An Execution Breakpoint can be specified only once for a code address. Multiple definitions are not allowed.

  3. Conditional Breakpoint: the specified expression cannot be resolved to an address.

    Conditional Breakpoints halt program execution or execute a command when the specified conditional expression is TRUE. The conditional expression is recalculated after each assembly instruction. Program execution speed may slow down considerably depending on the amount of Conditional Breakpoints and the complexity of the expression.

    Conditional Breakpoints are the most flexible type of breakpoint, because optional conditions can be calculated using expressions.

Examples

The following breakpoint is valid:

BS WRITE time.sec                      /* Valid expression   */

The following breakpoint is invalid, because adding two values (timer.sec and i0) does not result in a memory type:

BS WRITE time.sec + i0                 /* Invalid expression */

The following example sets an execution breakpoint on the address of the main function.

BS main

The following example sets an execution breakpoint on the address of the timer0 function. The breakpoint occurs and the command "MyRegs()" is executed only after the 10th invocation of timer0. Program execution continues after the command executes.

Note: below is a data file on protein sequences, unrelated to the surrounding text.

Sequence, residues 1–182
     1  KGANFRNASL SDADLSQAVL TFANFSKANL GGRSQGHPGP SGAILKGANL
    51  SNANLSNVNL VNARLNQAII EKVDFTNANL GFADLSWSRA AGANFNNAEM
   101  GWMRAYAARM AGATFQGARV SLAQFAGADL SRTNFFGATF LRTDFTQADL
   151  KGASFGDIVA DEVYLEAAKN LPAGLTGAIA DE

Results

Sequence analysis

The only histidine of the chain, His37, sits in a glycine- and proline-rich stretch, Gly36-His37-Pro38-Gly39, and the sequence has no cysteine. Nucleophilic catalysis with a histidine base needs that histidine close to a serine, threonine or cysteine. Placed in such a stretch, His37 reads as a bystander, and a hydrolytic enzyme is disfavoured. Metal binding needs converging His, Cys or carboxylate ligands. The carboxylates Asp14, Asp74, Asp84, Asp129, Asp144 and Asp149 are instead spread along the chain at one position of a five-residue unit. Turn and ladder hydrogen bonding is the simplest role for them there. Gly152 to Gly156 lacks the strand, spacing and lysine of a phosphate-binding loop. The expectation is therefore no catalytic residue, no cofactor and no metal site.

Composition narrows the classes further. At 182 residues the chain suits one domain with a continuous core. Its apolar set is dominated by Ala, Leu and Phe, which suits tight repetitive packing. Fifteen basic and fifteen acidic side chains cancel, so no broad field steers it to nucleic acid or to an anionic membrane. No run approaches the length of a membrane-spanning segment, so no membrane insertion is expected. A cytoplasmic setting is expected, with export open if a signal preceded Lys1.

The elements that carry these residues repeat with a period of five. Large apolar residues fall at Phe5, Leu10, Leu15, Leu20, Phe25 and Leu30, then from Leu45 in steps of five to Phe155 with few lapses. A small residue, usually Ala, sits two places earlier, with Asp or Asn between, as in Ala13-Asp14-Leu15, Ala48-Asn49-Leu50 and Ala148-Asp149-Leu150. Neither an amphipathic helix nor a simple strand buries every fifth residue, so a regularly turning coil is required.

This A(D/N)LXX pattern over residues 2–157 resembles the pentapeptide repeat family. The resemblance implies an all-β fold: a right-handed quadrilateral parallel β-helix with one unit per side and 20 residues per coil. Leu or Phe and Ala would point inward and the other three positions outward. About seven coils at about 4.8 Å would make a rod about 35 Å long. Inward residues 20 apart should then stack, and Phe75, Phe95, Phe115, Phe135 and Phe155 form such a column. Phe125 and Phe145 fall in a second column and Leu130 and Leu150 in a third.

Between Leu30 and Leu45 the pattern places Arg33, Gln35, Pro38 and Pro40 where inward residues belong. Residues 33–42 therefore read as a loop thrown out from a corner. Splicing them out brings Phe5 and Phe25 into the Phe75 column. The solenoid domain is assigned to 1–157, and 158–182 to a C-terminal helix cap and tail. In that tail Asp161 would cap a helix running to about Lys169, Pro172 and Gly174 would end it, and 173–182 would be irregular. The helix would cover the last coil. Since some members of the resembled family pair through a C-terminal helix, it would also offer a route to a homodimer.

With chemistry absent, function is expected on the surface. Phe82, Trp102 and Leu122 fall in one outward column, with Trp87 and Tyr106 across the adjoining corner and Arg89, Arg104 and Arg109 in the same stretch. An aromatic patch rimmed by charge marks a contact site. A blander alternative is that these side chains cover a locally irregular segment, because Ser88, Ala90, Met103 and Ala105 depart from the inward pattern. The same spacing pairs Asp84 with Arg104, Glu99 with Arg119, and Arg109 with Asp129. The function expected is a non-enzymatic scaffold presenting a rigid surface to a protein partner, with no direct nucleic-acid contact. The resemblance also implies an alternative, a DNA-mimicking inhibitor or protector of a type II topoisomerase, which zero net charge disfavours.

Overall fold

BS timer0,10,"MyRegs()"

The following example sets a conditional breakpoint on the sindex symbol. When sindex is equal to 8, program execution halts.

BS sindex == 8

The following example sets a conditional breakpoint on the save_record array. Program execution halts on the third time save_record[5].time.sec is greater than 5.

BS save_record[5].time.sec > 5, 3

The following example sets a memory access breakpoint on READ accesses of the interval.min symbol. Program execution halts when the min element of the interval structure or union is 3.

BS READ interval.min == 3

The following example sets a memory access breakpoint on WRITE accesses to the savefirst symbol. Program execution halts when savefirst is 5 and the accumulator (acc) is 0x12 after savefirst is written.

BS WRITE savefirst == 5 && acc == 0x12

For Cortex-M, the data size for the comparison is not clear by just using a constant as address expression. The example below is invalid and must be replaced with the expression in the next example.

BS WRITE 0x20000018 == 0x00000003                        /* Invalid expression */

For Cortex-M, remove ambiguity using a pointer type cast to resolve the constant address.

BS WRITE * ((unsigned int*)0x20000018) == 0x00000003     /* Valid expression */

The following Cortex-M example sets an execution breakpoint on line 136 of the file STM32F10x.s. The file is specified with a relative path name. The application name is cpp_template. Program execution halts before the code on line 136 is executed.

BS \\cpp_template\../../source/RVCT/STM32F10x.s\136, 1

Note

  • Breakpoints can be also defined using the Breakpoints dialog.